I had the pleasure of presenting the story of our farm—from it’s roots as a dairy in the ’30s right up to it’s current iteration as a regenerative farm—at this year’s Vermont Energy & Climate Action Network (VECAN) Conference at the beautiful Lake Morey Resort in Fairlee, Vermont.

I was joined in our workshop by Didi Pershouse of the Soil Carbon Coalition and Andrea Colnes of the Energy Action Network. Our session was put together by Paul Cameron.

Our workshop presented the side of climate change that you don’t often here in today’s discussions: hope and practical action. Didi did a wonderful job explaining and demonstrating why it is vital for us to include soil as an ally in our fight against climate change—carbon sequestration, water retention, etc.

I focused on presenting the practices we employ on our farm to sequester atmospheric carbon into the ground: management-intensive grazing, perennial tree crops, and no-till vegetables.

There are four carbon sinks on the planet: the atmosphere, the ocean, the soil, and the forests. Two of these carbon sinks are full: the atmosphere and the ocean. Two of these carbon sinks are in dire need of carbon (aka: regeneration): the soil and the forests.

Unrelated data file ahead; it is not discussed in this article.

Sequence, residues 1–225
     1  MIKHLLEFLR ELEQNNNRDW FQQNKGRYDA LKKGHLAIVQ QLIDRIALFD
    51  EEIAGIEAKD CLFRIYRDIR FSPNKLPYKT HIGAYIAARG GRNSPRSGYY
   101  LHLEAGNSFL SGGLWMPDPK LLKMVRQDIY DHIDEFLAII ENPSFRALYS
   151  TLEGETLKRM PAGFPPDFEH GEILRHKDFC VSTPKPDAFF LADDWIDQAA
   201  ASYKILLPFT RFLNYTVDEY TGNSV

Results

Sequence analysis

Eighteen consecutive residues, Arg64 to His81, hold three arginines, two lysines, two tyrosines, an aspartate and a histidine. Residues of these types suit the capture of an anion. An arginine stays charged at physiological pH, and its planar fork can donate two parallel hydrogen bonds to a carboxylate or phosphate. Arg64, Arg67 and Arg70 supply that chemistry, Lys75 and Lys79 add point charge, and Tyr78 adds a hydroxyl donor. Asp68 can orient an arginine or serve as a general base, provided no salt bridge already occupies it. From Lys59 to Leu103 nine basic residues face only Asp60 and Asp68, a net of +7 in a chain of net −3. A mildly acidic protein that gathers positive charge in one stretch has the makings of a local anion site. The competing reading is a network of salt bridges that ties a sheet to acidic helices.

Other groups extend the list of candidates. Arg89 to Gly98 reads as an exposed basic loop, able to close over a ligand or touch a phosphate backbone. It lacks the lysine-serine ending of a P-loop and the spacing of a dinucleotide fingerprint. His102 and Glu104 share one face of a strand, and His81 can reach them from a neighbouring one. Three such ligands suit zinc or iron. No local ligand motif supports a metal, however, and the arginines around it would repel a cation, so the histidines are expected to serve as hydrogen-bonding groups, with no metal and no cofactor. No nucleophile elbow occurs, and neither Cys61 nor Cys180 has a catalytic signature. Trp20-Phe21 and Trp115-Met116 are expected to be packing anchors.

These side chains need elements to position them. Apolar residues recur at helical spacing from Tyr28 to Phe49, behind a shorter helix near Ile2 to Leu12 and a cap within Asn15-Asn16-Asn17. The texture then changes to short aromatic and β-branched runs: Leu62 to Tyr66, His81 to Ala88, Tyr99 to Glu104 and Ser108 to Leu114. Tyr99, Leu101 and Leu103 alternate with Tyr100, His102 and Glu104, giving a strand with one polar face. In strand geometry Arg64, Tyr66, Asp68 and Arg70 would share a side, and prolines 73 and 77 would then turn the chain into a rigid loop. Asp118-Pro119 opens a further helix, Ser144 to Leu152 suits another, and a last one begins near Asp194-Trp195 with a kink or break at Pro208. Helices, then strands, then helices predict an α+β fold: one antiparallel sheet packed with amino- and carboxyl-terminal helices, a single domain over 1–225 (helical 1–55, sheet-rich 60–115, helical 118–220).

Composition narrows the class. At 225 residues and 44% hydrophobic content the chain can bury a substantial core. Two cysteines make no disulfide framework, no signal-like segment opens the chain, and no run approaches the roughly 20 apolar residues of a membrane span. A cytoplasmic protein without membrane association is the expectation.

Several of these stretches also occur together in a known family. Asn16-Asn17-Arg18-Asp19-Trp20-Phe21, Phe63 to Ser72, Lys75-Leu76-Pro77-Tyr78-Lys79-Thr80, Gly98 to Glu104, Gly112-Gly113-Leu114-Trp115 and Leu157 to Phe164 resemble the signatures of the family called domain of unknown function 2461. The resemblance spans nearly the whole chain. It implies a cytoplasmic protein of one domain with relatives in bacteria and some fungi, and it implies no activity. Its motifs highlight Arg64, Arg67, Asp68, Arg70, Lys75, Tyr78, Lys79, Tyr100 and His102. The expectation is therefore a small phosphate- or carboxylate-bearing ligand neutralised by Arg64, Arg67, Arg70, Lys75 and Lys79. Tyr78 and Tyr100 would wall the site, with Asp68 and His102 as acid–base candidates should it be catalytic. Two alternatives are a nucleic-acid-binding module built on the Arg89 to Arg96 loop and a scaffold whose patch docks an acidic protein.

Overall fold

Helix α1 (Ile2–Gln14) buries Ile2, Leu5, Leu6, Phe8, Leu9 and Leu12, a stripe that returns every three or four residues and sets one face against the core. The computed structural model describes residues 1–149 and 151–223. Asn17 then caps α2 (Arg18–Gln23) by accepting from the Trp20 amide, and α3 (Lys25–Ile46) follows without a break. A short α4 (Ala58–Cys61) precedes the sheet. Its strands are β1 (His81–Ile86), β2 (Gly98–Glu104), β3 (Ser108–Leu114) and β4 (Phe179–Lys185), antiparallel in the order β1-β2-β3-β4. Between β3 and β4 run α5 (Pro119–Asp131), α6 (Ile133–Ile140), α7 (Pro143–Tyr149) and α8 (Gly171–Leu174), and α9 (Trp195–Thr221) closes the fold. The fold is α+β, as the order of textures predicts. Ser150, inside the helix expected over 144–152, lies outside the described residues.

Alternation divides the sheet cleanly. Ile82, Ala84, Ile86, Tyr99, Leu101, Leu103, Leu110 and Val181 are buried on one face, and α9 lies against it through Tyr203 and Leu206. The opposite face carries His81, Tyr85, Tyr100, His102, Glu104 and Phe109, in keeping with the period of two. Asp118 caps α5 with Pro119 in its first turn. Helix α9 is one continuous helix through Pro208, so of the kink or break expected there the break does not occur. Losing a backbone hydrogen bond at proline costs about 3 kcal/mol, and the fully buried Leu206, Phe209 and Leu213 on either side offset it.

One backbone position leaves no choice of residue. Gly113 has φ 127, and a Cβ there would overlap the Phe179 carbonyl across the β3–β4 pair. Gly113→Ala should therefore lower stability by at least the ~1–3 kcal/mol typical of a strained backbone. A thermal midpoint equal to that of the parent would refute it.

To our own detriment, we earthlings only ever talk about one carbon sink: the atmosphere.

In an effort to raise awareness about the other carbon sinks on planet Earth, I gave the following slideshow showing the (reletively) immediate positive effects that can be had by restoring the natural carbon cycles of a piece of land to sequester atmospheric carbon back into the soil and the trees. (Though, because we’re still just starting our perennial tree crop system, it only gets a mention. The main focus in on the soil restoration in our fields using our soil-building team of sheep, chickens, and turkeys.)

It was a wonderful session. I met dozens of wonderful, inspired, and inspiring people. I look forward to the work ahead.

And now, the slideshow: (To read the notes, click on any image, and then click on the “i” icon in the lower left corner of the lightbox.)

Now, if you’re still with me. If you’re inspired by what is possible, please find and support your local carbon farmer. Vermont is lucky to have quite a few. Here is a partial list. There are many more, but I don’t know them all. (If you know others, please send them to me through the contact form.)

  • Robinson Hill Beef in Montpelier, Vermont
  • Vermont Edible Landscapes in Richmond, Vermont
  • Cedar Circle Farm in Thetford, Vermont
  • Fortunate Ewe Farm in Cambridge, New York
  • Mountain Home Farm in Tunbridge, Vermont
  • Shire Beef in Vershire, Vermont
  • Burelli Farm in Berlin, Vermont